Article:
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Projects focus on five target areas that the commission has identified as critical to improving labor efficiencies for strawberry production.

The traditional method of planting strawberry crops by hand is a time-consuming process. Planting must occur within a two to three week period during a busy production season when labor resources are stretched thin. Mechanized options currently do not exist due to the strawberry’s highly variable bare root. Any automated solutions must also account for the precise level of planting depth required for bare roots, as well as the crop’s specific planting process through a plastic cover.

Strawberries propagate through the production of runners, also known as stolons. These horizontal stems grow outward from the base of the plant. Once a runner touches soil, roots form, and a clone strawberry plant begins development. When growing strawberry plants for fruit production, runners are seen as a drain of energy that would otherwise be used to produce higher quality berries. Consequently, runners are periodically pruned by hand, which requires a significant use of labor.

Development of improved control methods for Lygus bugs, two-spotted mites, Lewis mites and other insect and arthropod pests is a major concern for fruit production. Lygus management is of particular concern, as the Lygus bug is the most economically damaging pest that threatens California strawberries. Currently available chemical and organic control methods are inadequate, and the Lygus bug has few effective natural enemies. This, combined with the low economic threshold for Lygus damage, makes substantial investment in mechanical control methods a priority.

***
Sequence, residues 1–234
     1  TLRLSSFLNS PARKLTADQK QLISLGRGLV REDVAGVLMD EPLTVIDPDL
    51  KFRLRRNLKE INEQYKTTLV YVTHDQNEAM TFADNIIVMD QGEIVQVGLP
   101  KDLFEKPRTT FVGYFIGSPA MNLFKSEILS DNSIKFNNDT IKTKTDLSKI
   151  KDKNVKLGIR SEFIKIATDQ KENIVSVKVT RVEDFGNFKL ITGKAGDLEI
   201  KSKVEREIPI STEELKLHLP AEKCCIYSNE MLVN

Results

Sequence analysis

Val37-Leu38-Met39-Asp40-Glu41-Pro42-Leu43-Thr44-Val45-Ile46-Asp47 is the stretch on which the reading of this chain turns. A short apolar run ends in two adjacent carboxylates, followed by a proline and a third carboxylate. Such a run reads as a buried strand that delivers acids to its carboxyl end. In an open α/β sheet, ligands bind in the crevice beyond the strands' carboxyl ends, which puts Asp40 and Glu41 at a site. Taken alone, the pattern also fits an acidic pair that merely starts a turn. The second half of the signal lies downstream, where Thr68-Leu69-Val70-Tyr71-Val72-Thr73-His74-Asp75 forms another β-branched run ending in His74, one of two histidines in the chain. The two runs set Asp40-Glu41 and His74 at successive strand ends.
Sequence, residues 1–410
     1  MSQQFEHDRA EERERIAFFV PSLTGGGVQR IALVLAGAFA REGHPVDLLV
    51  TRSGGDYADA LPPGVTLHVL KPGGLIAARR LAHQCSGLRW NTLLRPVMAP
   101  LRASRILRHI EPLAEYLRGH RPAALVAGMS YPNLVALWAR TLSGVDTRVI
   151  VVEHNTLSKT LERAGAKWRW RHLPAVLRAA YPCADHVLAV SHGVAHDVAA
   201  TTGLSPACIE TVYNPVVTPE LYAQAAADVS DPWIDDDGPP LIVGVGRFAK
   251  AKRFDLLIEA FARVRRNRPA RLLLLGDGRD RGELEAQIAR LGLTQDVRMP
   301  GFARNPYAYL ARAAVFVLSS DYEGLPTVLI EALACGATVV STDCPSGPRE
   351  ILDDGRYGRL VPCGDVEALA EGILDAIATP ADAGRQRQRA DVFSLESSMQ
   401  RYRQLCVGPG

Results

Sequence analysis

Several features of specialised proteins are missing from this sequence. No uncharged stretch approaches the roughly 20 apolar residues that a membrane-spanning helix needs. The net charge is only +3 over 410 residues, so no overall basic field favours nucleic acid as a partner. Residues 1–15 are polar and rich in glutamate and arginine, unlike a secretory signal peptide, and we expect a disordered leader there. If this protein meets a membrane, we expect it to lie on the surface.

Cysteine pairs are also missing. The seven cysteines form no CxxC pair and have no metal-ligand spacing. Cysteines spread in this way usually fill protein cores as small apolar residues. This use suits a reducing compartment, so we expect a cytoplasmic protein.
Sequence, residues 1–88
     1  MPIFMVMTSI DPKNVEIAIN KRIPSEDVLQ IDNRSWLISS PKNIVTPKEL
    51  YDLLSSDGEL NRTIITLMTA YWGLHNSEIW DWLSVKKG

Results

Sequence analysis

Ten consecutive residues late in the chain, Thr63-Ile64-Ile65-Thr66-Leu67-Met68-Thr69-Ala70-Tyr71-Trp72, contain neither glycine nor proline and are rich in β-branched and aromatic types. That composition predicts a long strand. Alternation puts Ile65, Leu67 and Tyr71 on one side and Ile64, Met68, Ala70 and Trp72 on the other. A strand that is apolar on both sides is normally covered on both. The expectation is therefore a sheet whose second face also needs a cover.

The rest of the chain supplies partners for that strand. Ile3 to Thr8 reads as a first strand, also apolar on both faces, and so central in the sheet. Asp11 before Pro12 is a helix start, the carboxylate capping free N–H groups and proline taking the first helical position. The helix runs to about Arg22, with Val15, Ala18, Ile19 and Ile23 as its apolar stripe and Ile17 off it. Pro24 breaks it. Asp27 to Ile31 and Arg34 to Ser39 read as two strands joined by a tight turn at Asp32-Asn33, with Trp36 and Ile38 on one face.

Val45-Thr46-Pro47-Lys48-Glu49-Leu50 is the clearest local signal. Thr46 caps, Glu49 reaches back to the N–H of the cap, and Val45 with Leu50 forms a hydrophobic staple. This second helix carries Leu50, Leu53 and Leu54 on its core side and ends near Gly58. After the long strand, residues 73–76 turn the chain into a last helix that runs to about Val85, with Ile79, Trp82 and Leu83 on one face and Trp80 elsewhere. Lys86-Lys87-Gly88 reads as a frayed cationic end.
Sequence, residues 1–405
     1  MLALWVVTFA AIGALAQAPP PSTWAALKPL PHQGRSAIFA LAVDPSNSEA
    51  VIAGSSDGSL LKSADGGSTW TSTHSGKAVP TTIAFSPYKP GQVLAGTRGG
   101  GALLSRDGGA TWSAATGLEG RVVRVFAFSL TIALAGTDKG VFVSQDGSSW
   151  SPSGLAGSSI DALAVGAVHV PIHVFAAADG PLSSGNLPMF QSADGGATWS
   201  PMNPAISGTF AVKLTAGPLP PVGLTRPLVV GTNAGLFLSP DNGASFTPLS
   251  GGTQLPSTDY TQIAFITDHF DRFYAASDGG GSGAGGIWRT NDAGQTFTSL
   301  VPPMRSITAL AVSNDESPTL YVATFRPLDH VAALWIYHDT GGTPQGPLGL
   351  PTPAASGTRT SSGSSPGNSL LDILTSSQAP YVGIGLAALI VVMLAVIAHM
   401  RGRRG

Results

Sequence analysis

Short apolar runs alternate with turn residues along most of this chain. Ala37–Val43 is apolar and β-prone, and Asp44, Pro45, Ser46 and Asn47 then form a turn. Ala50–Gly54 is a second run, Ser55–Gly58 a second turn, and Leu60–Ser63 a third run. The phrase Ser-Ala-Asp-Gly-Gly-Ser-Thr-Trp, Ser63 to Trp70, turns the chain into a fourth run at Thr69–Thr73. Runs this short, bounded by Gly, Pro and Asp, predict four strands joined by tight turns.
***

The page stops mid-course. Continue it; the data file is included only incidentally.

Another target area is spray rig distribution uniformity. Pesticide application in strawberries uses large water volumes (150-200 gallons per acre) to guarantee good canopy coverage and penetration. To achieve high volumes, applications are made at high pressures (>150 psi) and use a large number of nozzles (10-20) per row. While the current configuration allows growers to satisfy their requirements in terms of applied volume per acre, there are opportunities for optimization. Choosing the appropriate nozzle type, position, and pressure can minimize drift while increasing distribution uniformity.

In contrast to many crops, strawberry harvesting is performed entirely by hand. This process includes locating the strawberry, removing the fruit from the stem, assessing its quality, and packing it in a plastic container. Each step poses its own automation challenge. A critical area of focus is designing solutions that are capable of handling the delicate exterior of strawberries, which can be easily bruised during both the picking and packing process. These automated methods must also be adaptable to strawberries of different shapes and sizes.

The majority of strawberries that go into the processing side of the industry have their calyxes removed by hand, either in the field or in a processing facility. Mechanized options currently do not exist due to the variability in strawberry shape and size, which makes it difficult to orient and process high volumes of strawberries efficiently. With significant time and resources spent each year on manual calyx removal, there is great potential for labor-saving automation in strawberry processing.

Automation Contacts


San Luis Obispo
John Lin
jlin@calstrawberry.org
805.867.3086

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